THE ART OF PHOTOJOURNALISM Image of the month

Into the Twilight Zone, 6.45pm, 25th September 2018, by Roger Jackson

Alan Sparrow with an image of St Paul’s and the City a sunset

Roger Jackson came by the most common route into Fleet Street photography. Joining Central Press Photos at 16 he spent the next year as a messenger, then five years in the darkroom and was finally let loose on the streets of London to take pictures of the great and good, not always being great or good.

After 16 years working for Central Press and 30 for Associated Press, Jackson retired in 2009, but refused to hang up his camera. During his years with at Central Press he covered many moments of history, campaigning with Margaret Thatcher, photographing Harold Wilson and Ted Heath on the steps of No 10, and when the IRA planted at bomb at the Old Bailey he was one of the first photographers to capture the scene.

He moved to the international wire agency Associated Press as a picture editor and travelled widely, attending four summer and winter Olympics, and many football World Cups.

''While this might sound glamorous, Olympic press centres could often be windowless offices in warehouses set up to host a hoard of journalists with very little opportunity to see any of the events except via the photographers neg'' he says.

Now he has been caught by the lure of low light. He is regularly up before dawn or out very late for that image of the moon that will make you stop and look. ''I have always admired how the photographers who used plate cameras got the most out of their slow speed plates” he says. ''One trick was to develop the plate then treat the image with a chemical stain, a negative intensifier which enhanced the density of the original image.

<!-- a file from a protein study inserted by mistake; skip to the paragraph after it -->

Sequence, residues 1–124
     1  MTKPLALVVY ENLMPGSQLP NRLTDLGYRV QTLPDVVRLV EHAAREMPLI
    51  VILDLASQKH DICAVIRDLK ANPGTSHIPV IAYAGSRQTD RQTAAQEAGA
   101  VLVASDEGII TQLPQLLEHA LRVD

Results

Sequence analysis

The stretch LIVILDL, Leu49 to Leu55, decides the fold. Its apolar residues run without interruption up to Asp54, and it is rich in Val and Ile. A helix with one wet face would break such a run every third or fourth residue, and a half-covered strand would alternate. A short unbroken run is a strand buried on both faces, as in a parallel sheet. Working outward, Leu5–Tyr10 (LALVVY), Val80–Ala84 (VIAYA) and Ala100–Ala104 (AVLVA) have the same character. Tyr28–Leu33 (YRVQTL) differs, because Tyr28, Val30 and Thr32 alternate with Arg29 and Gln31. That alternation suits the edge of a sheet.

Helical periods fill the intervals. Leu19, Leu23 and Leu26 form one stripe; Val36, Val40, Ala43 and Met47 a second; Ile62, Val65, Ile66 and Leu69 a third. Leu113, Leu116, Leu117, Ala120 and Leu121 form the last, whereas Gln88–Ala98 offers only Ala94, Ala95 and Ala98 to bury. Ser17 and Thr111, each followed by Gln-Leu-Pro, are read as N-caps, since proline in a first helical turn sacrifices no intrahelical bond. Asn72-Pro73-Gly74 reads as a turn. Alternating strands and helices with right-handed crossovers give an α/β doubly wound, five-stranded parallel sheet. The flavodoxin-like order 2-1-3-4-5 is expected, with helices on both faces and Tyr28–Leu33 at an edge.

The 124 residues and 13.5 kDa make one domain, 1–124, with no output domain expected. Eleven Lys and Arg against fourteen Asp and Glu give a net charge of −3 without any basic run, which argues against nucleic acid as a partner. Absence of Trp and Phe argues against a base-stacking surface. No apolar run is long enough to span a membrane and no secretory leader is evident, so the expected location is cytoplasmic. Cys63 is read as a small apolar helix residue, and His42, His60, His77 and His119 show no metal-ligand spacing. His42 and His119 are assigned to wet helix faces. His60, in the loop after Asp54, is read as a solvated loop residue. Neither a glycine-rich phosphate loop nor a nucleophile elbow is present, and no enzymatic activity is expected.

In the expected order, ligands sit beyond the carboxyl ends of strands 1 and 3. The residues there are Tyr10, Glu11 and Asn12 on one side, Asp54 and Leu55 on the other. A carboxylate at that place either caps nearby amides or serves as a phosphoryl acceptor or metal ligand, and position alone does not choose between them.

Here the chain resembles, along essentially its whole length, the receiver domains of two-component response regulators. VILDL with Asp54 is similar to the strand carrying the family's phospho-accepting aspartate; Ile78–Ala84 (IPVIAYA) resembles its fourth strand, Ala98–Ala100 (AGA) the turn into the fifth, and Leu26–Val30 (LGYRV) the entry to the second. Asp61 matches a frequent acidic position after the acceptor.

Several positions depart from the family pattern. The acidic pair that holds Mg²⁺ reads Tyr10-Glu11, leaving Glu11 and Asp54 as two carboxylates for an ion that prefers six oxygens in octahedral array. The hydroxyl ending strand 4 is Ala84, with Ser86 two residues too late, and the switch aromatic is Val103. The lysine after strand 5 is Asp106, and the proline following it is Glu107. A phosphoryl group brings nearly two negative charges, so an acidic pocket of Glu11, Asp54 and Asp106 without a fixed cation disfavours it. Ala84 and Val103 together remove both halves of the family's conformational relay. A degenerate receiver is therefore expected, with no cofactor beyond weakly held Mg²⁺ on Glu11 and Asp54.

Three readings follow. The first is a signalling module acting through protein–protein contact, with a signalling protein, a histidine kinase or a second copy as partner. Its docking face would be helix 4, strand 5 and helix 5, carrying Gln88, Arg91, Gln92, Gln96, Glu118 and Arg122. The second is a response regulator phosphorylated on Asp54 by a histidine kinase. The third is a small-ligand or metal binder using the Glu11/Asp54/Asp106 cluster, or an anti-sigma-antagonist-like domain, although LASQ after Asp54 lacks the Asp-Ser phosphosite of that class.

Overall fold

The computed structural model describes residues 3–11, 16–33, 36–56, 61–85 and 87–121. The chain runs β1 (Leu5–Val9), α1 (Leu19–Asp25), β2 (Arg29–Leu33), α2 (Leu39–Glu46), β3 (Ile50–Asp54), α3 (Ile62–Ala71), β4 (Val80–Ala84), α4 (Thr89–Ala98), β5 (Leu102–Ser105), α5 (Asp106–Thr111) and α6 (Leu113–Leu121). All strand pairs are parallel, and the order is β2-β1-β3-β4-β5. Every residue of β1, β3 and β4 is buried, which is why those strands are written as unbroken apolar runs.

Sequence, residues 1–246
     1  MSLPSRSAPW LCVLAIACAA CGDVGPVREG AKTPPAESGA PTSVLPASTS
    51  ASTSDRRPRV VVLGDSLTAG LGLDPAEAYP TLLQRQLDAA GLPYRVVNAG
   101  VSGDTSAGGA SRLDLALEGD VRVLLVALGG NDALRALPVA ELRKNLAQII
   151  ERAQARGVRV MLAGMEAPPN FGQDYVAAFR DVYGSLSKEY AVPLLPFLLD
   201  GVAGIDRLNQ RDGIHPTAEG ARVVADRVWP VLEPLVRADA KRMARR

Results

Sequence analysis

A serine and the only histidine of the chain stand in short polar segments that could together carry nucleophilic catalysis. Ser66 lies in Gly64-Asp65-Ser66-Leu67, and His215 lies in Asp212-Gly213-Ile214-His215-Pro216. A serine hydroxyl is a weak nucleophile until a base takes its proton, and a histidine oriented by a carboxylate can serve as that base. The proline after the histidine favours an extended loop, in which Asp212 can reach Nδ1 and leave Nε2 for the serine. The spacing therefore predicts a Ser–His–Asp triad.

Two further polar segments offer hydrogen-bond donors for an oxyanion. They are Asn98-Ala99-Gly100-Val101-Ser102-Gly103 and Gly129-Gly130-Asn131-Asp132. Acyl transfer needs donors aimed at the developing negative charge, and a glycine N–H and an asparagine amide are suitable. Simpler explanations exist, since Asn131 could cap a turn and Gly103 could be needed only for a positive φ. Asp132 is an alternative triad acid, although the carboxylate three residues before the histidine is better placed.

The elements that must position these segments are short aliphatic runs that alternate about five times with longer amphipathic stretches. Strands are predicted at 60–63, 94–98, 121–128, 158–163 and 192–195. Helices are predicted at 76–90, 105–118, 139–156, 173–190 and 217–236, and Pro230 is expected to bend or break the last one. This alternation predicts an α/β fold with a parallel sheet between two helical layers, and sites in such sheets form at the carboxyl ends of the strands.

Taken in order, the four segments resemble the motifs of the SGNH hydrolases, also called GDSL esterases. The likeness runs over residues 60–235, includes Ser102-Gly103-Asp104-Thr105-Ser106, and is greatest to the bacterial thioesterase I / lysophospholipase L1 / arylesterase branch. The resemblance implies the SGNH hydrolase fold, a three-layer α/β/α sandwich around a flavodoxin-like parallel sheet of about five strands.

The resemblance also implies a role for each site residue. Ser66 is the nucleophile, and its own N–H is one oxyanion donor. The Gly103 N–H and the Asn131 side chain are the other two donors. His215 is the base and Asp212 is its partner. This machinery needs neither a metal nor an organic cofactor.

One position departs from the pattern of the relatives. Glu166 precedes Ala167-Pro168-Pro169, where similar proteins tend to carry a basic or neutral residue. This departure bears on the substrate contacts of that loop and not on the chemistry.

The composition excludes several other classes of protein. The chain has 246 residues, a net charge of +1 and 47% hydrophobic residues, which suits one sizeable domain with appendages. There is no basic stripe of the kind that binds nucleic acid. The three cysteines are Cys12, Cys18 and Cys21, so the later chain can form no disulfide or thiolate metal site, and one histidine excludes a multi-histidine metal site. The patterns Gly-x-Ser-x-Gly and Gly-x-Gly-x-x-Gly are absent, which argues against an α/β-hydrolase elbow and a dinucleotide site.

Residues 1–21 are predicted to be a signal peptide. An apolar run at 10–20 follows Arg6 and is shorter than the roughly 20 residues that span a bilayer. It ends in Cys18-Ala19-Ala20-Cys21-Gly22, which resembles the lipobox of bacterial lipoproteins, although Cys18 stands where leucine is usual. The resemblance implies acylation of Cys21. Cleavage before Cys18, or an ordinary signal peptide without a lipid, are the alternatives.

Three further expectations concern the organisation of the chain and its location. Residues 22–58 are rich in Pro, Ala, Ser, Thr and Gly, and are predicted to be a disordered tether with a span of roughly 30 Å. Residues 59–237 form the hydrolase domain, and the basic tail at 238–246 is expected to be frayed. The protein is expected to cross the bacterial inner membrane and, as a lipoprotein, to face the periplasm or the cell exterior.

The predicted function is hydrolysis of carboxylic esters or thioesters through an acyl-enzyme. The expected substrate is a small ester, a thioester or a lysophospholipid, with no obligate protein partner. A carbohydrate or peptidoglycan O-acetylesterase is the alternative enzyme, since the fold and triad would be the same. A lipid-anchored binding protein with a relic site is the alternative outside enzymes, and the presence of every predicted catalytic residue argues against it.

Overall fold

“Faster lenses and then higher film speeds meant that these darkroom tricks have become a thing of the past. Now we have digital cameras that give us the ability to capture images in low light, but like the photographers of old we have to use our skills to capture the very best image in what I call the Twilight Zone.'

''I realised that I needed to be able to hold the camera extra steady while I was using a long lens or for multiple exposures; I rest the camera on a tripod and to help eliminate movement caused by the mirror rising I use the built-in camera option to lift the mirror and wait a few seconds before releasing the shutter.

''It’s doesn’t matter how careful you are when you press the shutter, you will almost certainly trigger camera movement. To help with this I use a cable release for the shutter.''

Jackson’s attention to detail starts with the planning. The less you leave to luck the greater chance there is of success, so he uses an app which calculates the rising sun or setting moon enabling him to get the best of the light out of the setting or rising sun. Exposures can range from 30 seconds to a quarter of a second using a fairly wide aperture.

This picture is sunset from London’s Waterloo Bridge towards St. Pauls and the City of London.

'' As the sun rises or sets you get a sense of time as the orange disc enters or leaves the sky - often the twilight hours of the morning or evening can be very calm times of the day. Watching the moon rise or set makes you realise earth’s place in space.

You can acquire a print of this image  from Fleet Street’s Finest at https://www.fleetstreetsfinest.com/product/st-pauls/

 

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